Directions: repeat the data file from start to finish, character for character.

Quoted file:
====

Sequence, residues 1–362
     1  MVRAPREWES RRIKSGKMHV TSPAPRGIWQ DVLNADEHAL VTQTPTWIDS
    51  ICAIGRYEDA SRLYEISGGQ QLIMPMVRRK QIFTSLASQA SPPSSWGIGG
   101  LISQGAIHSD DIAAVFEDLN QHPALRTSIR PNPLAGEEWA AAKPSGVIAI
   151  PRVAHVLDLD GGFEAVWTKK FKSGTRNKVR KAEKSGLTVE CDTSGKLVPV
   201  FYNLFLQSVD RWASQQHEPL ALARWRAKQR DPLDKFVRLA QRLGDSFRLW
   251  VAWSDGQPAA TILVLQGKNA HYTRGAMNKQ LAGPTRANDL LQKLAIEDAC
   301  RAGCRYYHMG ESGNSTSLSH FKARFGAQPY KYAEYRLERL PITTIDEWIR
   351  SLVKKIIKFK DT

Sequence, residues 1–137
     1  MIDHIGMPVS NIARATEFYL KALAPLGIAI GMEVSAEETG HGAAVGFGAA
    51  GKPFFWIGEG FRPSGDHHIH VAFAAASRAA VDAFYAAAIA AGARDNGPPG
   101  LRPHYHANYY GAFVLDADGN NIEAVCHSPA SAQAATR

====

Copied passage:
Sequence, residues 1–362
     1  MVRAPREWES RRIKSGKMHV TSPAPRGIWQ DVLNADEHAL VTQTPTWIDS
    51  ICAIGRYEDA SRLYEISGGQ QLIMPMVRRK QIFTSLASQA SPPSSWGIGG
   101  LISQGAIHSD DIAAVFEDLN QHPALRTSIR PNPLAGEEWA AAKPSGVIAI
   151  PRVAHVLDLD GGFEAVWTKK FKSGTRNKVR KAEKSGLTVE CDTSGKLVPV
   201  FYNLFLQSVD RWASQQHEPL ALARWRAKQR DPLDKFVRLA QRLGDSFRLW
   251  VAWSDGQPAA TILVLQGKNA HYTRGAMNKQ LAGPTRANDL LQKLAIEDAC
   301  RAGCRYYHMG ESGNSTSLSH FKARFGAQPY KYAEYRLERL PITTIDEWIR
   351  SLVKKIIKFK DT

Sequence, residues 1–137
     1  MIDHIGMPVS NIARATEFYL KALAPLGIAI GMEVSAEETG HGAAVGFGAA
    51  GKPFFWIGEG FRPSGDHHIH VAFAAASRAA VDAFYAAAIA AGARDNGPPG
   101  LRPHYHANYY GAFVLDADGN NIEAVCHSPA SAQAATR